Doctors still smarter than the average machine

3 minute read

As GPs may have suspected, the diagnostic skills of doctors still far surpass those of computers


Many patients use apps and websites to arrive at their own diagnosis before stepping foot in a GP clinic. But, as GPs may have suspected, the diagnostic skills of doctors far surpass those of computers – and a recent study proves it.

Research published in JAMA Internal Medicine showed doctors were more than twice as accurate as web-based systems when it came to diagnosis.

Websites and apps (known as “symptom checkers”) picked the correct diagnosis in a dismal 34% of cases, whereas physicians got it right 72% of the time.

“In what we believe to be the first direct comparison of diagnostic accuracy, physicians vastly outperformed computer algorithms,” the authors said.

A total of 234 internal medicine, family practice and pediatrics physicians solved 45 clinical vignettes during the study.

These vignettes were presented to physicians through an online platform and included the patient’s symptoms and medical history but had no physical examination or test findings.

In a previous study, these same scenarios were used to test 23 websites and apps.

These included symptom checkers produced by the American Academy of Pediatrics, England’s National Health Service and the Dutch College of General Practitioners, among others.

Apps placed the correct diagnosis in their top three only half the time (51%), whereas physicians included the right answer in 85% of cases.

Curiously, doctors were more likely to choose the correct diagnosis for more severe, less common ailments. Symptom checkers were the opposite, having less trouble with low-acuity, common vignettes.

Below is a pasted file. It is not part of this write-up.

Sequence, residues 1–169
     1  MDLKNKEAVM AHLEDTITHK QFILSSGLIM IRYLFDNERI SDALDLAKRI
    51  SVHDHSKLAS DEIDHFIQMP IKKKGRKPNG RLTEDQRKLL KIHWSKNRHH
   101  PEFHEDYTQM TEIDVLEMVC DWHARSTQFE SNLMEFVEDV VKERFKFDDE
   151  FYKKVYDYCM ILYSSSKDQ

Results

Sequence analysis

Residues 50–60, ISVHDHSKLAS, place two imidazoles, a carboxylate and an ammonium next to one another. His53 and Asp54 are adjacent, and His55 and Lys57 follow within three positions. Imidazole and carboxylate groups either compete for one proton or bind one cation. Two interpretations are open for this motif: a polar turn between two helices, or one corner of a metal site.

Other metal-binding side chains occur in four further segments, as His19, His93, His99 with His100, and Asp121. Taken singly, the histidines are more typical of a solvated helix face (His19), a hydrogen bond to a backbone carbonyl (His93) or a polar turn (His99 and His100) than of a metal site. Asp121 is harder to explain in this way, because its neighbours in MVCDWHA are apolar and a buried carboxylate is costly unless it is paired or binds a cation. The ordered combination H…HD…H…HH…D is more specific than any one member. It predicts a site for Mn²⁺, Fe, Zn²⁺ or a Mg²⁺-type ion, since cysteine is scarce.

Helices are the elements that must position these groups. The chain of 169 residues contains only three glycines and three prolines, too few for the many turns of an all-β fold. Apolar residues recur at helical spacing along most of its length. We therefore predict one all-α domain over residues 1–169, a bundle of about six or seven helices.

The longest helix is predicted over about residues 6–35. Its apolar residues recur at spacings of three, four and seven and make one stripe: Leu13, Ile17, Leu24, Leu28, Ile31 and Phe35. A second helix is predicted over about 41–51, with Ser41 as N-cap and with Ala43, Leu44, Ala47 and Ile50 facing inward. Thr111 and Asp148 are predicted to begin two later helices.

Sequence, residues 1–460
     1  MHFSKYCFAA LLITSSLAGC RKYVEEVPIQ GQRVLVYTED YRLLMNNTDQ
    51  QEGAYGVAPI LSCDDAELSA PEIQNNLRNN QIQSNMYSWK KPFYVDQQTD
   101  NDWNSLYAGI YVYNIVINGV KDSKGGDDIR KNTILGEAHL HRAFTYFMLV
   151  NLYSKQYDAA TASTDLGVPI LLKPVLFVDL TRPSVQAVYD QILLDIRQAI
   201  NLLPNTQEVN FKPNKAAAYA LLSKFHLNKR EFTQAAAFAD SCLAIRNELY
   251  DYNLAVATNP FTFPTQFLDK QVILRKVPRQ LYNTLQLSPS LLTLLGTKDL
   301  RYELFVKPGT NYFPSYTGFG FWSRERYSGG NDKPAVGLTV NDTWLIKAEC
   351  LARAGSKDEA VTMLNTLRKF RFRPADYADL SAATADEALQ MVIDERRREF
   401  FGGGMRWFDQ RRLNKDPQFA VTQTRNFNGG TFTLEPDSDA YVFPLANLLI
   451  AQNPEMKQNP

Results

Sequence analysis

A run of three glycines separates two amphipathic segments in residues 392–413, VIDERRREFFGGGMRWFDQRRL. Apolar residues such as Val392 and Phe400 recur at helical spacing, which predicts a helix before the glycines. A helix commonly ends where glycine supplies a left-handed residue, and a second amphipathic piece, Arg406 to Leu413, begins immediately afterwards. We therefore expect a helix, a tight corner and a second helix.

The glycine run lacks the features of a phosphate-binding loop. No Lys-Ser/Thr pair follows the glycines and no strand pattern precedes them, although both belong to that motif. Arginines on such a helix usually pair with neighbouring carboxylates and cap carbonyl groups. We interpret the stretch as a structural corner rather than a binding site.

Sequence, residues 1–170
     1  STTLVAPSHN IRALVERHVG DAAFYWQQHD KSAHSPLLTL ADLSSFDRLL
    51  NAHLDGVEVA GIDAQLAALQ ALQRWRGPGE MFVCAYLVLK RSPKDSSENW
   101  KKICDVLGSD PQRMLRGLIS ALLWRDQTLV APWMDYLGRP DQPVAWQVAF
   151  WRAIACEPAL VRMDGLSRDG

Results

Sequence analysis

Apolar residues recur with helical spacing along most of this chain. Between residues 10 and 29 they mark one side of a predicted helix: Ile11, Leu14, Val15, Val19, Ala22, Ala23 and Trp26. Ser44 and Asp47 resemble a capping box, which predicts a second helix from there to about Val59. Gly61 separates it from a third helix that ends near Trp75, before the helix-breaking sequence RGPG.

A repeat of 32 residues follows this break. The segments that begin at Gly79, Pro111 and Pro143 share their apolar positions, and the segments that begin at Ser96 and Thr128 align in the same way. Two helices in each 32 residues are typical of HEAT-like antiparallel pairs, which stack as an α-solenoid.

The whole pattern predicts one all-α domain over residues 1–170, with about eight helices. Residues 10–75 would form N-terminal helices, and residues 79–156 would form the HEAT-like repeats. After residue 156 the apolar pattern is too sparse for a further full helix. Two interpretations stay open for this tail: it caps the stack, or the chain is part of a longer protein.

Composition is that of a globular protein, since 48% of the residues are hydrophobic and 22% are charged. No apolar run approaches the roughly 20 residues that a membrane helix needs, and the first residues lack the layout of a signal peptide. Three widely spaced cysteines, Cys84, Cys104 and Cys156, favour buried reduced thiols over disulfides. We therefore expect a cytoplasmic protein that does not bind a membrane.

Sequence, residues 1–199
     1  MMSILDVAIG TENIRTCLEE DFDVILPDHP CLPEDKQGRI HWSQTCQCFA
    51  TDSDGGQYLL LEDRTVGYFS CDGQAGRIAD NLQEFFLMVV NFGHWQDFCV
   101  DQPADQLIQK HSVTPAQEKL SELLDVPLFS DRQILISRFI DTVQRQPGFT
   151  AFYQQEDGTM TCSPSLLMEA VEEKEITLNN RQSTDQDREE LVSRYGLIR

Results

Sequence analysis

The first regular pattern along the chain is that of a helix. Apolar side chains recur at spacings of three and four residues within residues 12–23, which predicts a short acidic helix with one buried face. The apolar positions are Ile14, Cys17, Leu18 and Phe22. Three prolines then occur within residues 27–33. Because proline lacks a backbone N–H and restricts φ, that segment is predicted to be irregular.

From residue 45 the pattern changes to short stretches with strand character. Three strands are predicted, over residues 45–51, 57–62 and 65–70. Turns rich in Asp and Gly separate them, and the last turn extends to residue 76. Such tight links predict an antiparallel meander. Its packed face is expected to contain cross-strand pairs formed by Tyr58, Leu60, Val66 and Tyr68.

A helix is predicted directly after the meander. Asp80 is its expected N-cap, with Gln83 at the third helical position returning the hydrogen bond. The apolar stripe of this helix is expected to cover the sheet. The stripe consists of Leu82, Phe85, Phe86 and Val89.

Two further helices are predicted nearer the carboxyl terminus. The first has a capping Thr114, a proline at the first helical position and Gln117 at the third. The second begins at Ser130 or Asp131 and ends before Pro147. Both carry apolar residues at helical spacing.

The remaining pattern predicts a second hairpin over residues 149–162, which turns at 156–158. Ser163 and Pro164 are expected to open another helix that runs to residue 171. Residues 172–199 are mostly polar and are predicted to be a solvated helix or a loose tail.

Speaking with TMR, Dr Nathan Pinskier, chair of the RACGP Expert Committee – eHealth and Practice Systems, said this study confirmed previous academic work in this space.

“It is very hard for machines to replicate human thinking. Humans are much more agile,” he said.

But Dr Pinskier said certain areas of diagnostics, such as pathology and radiology, could benefit in the near future from the superior pattern recognition that computer algorithms could provide.

“But when you start to have a multitude of factors that you need combine [to make a diagnosis] there is very little evidence that suggests at the moment that computers are more sophisticated,” Dr Pinskier said.

“We obviously don’t get everything right every time, and that’s demonstrated in the paper. We make mistakes, but I think we are much better at thinking on our feet.”

However, Dr Pinskier could see computers augmenting the work of GPs by helping doctors to structure their thinking and check for errors.

“There is no question about that,” he said.

JAMA Internal Medicine 2016, 10 October 

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